The City and County of Honolulu has denied a $180,000 grant to Mental Health Kokua Activity Center, a non-profit organization that serves severely mentally ill people in downtown Honolulu and Chinatown.
Program director Bill Hanrahan sent a letter to the city Department of Community Services on Tuesday contending the agency misinterpreted the federal regulations governing the grant, and urging DCS to reconsider its decision.
The Mental Health Kokua Activity Center provides case management, psychiatry, medication, showers, meals, clothes and recreational activities to over 100 people each month who suffer from severe mental illnesses like schizophrenia and bipolar disorder.
“We’re talking about the ragged guy pushing a shopping cart full of trash and screaming at traffic,” Hanrahan explained in a phone interview. “That’s our guy. We work with those people.”
Hanrahan said the organization relied upon federal grants for 18 years until Congress revised the funding guidelines two years ago. The organization restructured its programs to ensure that the Activity Center would be eligible for the Emergency Solutions Grant Program, and was counting on receiving the $180,000 this year to cover about 75 percent of its budget, Hanrahan said.
In his letter to the city, Hanrahan said the funding was denied because DCS believes the program doesn’t qualify as an emergency shelter, but Hanrahan contends that it does.
He wrote that the Activity Center is “the only program on Oahu specifically designed to work with homeless severely mentally ill adults” and that the program will have to close if it doesn’t receive funding.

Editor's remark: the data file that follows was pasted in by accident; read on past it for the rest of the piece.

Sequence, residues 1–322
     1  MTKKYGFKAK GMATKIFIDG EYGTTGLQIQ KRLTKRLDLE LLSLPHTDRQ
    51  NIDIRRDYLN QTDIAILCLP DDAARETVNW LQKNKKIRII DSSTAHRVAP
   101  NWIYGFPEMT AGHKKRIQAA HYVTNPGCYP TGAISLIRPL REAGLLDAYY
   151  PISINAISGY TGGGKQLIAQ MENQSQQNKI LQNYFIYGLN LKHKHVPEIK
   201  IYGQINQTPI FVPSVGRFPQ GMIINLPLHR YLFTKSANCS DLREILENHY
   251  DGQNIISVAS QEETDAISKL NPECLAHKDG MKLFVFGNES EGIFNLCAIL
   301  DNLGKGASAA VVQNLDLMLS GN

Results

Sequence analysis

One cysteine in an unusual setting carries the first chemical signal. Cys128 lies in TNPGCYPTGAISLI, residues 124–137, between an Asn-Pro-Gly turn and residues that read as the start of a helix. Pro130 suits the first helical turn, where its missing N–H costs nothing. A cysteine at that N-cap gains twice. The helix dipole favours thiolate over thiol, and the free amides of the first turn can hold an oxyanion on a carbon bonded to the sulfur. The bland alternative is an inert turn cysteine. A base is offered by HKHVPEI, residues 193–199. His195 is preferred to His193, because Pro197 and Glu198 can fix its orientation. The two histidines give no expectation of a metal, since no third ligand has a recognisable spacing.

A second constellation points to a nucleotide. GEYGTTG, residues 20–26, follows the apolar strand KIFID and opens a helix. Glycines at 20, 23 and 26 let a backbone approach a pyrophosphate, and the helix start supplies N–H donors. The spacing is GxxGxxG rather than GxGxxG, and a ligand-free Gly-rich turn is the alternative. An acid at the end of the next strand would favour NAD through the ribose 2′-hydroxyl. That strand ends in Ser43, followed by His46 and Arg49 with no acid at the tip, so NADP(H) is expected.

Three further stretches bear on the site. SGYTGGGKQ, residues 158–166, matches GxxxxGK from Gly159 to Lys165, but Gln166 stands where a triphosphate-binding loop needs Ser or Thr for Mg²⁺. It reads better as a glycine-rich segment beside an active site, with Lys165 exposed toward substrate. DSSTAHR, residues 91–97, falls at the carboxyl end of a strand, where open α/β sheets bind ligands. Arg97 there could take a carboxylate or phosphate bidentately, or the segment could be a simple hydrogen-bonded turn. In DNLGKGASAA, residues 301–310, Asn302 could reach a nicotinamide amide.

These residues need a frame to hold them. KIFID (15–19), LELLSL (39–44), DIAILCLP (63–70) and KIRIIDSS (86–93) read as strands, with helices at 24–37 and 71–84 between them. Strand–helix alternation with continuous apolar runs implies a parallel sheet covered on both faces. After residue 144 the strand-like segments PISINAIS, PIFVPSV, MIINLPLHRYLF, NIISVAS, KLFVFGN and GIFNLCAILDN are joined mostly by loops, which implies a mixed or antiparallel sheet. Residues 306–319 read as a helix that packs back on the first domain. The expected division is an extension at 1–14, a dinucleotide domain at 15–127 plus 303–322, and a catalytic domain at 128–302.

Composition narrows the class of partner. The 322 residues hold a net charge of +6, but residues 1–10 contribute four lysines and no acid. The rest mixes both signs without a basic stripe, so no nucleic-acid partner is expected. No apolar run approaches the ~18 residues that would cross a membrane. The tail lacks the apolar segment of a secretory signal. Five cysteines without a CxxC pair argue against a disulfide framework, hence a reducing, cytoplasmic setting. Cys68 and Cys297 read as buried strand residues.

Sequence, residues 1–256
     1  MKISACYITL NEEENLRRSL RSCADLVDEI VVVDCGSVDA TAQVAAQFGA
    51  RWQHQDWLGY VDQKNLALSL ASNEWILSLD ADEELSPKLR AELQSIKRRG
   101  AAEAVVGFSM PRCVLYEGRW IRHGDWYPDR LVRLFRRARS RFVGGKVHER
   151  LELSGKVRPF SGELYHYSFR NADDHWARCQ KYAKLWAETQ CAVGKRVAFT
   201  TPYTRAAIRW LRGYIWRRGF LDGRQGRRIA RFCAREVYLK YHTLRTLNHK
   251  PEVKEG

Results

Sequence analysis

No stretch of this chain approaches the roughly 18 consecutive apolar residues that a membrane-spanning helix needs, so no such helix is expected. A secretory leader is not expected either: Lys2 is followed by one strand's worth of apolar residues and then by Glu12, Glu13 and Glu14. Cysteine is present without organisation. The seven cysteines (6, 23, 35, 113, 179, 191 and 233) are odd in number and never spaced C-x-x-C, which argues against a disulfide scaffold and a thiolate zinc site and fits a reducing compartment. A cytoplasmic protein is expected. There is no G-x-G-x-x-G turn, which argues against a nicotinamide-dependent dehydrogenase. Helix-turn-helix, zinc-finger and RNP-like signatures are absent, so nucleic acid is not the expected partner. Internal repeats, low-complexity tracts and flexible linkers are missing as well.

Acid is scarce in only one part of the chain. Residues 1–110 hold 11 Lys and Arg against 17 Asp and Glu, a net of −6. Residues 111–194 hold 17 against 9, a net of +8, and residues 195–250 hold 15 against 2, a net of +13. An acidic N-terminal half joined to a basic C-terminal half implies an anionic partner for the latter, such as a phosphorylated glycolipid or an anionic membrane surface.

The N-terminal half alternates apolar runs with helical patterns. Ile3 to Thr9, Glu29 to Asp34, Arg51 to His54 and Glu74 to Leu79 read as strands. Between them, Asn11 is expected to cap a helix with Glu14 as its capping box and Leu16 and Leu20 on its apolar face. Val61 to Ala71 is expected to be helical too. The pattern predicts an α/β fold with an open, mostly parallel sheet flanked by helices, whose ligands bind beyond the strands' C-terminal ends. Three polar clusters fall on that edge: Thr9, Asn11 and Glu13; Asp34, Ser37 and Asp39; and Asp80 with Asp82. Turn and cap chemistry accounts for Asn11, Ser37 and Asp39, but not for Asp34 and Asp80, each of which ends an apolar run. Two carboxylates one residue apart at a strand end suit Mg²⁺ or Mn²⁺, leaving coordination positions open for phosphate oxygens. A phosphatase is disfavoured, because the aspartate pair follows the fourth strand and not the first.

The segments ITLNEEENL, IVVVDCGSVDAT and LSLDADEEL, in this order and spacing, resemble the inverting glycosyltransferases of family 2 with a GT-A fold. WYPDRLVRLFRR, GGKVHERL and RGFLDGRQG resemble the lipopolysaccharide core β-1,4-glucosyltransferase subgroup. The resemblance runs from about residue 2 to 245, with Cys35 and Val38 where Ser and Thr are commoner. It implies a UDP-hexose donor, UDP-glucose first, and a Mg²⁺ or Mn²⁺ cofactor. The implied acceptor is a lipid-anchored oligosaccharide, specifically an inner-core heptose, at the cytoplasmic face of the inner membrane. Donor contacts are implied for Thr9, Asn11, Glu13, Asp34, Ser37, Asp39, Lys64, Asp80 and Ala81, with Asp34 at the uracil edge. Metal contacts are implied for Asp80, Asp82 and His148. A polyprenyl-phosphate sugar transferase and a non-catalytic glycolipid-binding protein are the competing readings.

“Where will the 100+ clients it serves every month get services and how will they get off the streets?” he wrote. “What provision has the Department of Community Services (DCS) made for this population? A consolidated plan that does not provide for this population is irresponsible, short-sighted and not responsive to the urgency of the state and City’s homeless crisis.”
City spokesman Andrew Pereira said in a phone interview Tuesday that the organization’s current funding from the city lasts through this summer.
UPDATE: Pereira sent a follow-up email Wednesday explaining that the grant money went instead to a rapid rehousing program for victims of domestic violence because of the city’s decision two years ago to focus on funding programs that provide housing to homeless people through a philosophy called Housing First:
It’s not a matter of whether the MHK Activity Center is considered a shelter and whether the City may use ESG funds for the program, but how MHK’S Activity Center proposal stacked up against others based on the City’s Housing First focus for those monies.The city announced its shift in priority for ESG funding two years ago, and agencies were afforded ample time to adjust their programming if they wanted funding to continue.
ESG funds are awarded through the city’s RFP process. The city received many more proposals this year than last, and had to deny funding to several organizations (last year everyone got at least partially funded).
Funding that could have gone to the MHK Activity Center ended up going to a rapid rehousing program for victims of domestic violence. This was the first time that anti-domestic violence advocates submitted a proposal, and the RFP selection committee determined the domestic violence proposal better met the goals of the RFP when compared to the MHK proposal.
Outside of ESG funds, other funding sources exist for a project like the MHK Activity Center, including CDBG grants and city GIA. MHK had the opportunity to submit a proposal for all sources of funds.
MHK remains a key partner in the City’s efforts to address homelessness and we look forward to continuing the partnership with this extremely worthwhile nonprofit organization.
Hanrahan said the city is accepting public comments on the decision until Monday through letters to Holly Kawano, Department of Budget and Fiscal Services, 530 South King St., Room 208, Honolulu, HI 96813 or calls to 768-7762.